Winter OSR crops – time to check their GAI

Teagasc tillage advisors are actively encouraging farmers with winter oilseed rape (OSR) crops to check their Green Area Index (GAI) values as a matter of priority.

GAI can be used to determine the amount of nitrogen that should be applied to OSR crops over the coming weeks in order to maximise yield.

Co. Laois-based advisor Veronica Nyhan said:

“Step one is to download the GAI app on to the user’s phone. Open it and then take a photo of the crop in question.

“The photo can then be submitted and the GAI figure is returned within a very short space of time. This process should be repeated at a number of locations in order to develop an average GAI figure per field.

All the photos and GAI information received can be forwarded to the farmer’s computer from the field.

Agronomy update

Nyhan was one of the contributors to this week’s Teagasc winter crop agronomy webinar. Featured within her report was a progress update on a field of winter OSR sown out near Stradbally, Co. Laois.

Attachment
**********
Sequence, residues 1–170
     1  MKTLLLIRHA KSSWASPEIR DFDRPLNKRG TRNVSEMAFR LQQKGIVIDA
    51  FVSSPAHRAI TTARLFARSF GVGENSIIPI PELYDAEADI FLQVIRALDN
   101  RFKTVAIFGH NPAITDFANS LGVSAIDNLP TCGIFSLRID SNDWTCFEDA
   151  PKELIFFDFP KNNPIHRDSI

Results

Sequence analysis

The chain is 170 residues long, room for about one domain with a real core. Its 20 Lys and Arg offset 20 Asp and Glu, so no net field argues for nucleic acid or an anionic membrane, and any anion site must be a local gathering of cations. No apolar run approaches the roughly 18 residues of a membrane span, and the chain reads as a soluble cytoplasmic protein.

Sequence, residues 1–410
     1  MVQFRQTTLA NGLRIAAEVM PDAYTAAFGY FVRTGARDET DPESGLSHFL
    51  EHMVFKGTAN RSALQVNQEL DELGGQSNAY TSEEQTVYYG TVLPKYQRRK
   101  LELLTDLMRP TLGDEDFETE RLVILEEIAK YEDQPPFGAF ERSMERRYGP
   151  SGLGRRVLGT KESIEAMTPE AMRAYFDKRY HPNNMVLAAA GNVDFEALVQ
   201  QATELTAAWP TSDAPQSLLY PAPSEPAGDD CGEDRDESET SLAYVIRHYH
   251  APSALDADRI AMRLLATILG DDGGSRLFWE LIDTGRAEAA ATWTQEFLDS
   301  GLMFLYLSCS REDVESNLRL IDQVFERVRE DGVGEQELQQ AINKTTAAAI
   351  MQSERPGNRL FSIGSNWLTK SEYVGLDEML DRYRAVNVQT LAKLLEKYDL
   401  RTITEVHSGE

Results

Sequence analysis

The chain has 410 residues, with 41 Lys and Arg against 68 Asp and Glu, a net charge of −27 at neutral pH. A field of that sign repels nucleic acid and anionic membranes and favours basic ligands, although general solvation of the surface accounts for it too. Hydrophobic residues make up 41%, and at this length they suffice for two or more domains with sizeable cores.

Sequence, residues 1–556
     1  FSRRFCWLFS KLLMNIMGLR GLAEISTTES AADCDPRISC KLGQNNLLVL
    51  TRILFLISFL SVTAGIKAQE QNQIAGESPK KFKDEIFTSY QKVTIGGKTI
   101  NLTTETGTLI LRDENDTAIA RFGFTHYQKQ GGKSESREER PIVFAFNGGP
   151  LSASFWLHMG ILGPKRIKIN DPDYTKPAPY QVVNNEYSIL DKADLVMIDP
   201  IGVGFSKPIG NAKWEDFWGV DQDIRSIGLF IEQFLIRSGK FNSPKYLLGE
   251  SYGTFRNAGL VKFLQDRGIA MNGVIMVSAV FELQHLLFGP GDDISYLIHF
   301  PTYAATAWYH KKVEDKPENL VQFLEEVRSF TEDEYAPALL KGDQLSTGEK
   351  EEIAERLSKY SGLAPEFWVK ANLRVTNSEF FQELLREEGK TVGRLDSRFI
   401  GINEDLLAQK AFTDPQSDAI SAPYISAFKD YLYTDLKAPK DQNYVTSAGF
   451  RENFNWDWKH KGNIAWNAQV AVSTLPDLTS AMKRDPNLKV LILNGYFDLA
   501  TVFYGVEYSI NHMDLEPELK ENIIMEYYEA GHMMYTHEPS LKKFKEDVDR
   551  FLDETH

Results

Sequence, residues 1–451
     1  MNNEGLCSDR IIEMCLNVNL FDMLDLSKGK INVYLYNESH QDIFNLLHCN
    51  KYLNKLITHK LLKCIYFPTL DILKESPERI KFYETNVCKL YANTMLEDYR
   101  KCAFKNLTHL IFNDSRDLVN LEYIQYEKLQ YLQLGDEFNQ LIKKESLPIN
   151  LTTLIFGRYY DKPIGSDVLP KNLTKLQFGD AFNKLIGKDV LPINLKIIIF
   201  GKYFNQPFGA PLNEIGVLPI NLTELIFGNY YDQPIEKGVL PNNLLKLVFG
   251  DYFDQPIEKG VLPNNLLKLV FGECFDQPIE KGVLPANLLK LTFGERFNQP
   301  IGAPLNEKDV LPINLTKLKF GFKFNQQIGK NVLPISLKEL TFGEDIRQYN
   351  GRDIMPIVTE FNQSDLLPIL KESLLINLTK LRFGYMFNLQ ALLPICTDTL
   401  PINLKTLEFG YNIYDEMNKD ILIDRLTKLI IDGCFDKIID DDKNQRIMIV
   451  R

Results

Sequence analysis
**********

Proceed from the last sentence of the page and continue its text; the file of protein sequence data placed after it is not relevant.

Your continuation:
The crop in question, which was sown out on September 11, 2020, is being grown for seed.

Nyhan commented:

“The crop has a current GAI value of 1.1. The target is to increase this figure to 3.5 at flowering. Every full unit of GAI is equivalent to a nitrogen content in the crop’s leaves and stem of 50kg.

Getting the GAI figure to the appropriate level will require a total nitrogen application of 210kg/ha. This can be applied over three splits: an application of 50kg in mid-March, 100kg at the end of March and the final 60kg at seed-fill in early April.

OSR crops in east Cork also featured on the webinar. Here again establishment rates were good. But the threat of early leaf spot was highlighted. In such instances, the immediate application of a suitable fungicide was advised.

In total contrast, a winter OSR crop featured in Co Wicklow had been heavily grazed by pigeons. The average GAI was 0.4. In this case, the immediate application of nitrogen was advised.

Provided the crop has a strong root system, the prospect of it responding well to nitrogen is very good.

Another general point to come out of the webinar was the need for growers to look out for signs of boron deficiency. If the problem is identified, the immediate application of a proprietary spray is strongly advised.